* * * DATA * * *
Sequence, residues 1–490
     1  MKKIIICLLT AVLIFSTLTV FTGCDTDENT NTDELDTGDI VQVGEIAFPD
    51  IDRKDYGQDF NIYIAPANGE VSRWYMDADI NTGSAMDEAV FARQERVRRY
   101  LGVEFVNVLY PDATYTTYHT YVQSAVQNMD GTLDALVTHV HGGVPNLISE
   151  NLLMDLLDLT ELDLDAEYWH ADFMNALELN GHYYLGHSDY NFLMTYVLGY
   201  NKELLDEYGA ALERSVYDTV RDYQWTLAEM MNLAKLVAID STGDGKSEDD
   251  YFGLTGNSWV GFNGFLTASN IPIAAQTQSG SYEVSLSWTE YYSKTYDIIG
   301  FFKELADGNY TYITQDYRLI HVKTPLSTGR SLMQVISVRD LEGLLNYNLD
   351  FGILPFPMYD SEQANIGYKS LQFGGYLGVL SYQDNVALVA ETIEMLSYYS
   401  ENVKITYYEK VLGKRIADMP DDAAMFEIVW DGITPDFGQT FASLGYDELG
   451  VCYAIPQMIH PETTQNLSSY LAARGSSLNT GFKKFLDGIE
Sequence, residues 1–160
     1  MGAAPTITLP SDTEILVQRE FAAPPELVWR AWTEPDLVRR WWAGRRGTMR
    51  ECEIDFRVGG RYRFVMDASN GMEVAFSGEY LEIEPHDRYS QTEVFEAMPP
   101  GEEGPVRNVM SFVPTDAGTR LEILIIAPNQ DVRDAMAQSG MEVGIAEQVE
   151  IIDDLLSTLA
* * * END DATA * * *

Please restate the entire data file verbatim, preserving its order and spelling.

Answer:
Sequence, residues 1–490
     1  MKKIIICLLT AVLIFSTLTV FTGCDTDENT NTDELDTGDI VQVGEIAFPD
    51  IDRKDYGQDF NIYIAPANGE VSRWYMDADI NTGSAMDEAV FARQERVRRY
   101  LGVEFVNVLY PDATYTTYHT YVQSAVQNMD GTLDALVTHV HGGVPNLISE
   151  NLLMDLLDLT ELDLDAEYWH ADFMNALELN GHYYLGHSDY NFLMTYVLGY
   201  NKELLDEYGA ALERSVYDTV RDYQWTLAEM MNLAKLVAID STGDGKSEDD
   251  YFGLTGNSWV GFNGFLTASN IPIAAQTQSG SYEVSLSWTE YYSKTYDIIG
   301  FFKELADGNY TYITQDYRLI HVKTPLSTGR SLMQVISVRD LEGLLNYNLD
   351  FGILPFPMYD SEQANIGYKS LQFGGYLGVL SYQDNVALVA ETIEMLSYYS
   401  ENVKITYYEK VLGKRIADMP DDAAMFEIVW DGITPDFGQT FASLGYDELG
   451  VCYAIPQMIH PETTQNLSSY LAARGSSLNT GFKKFLDGIE
Sequence, residues 1–160
     1  MGAAPTITLP SDTEILVQRE FAAPPELVWR AWTEPDLVRR WWAGRRGTMR
    51  ECEIDFRVGG RYRFVMDASN GMEVAFSGEY LEIEPHDRYS QTEVFEAMPP
   101  GEEGPVRNVM SFVPTDAGTR LEILIIAPNQ DVRDAMAQSG MEVGIAEQVE
   151  IIDDLLSTLA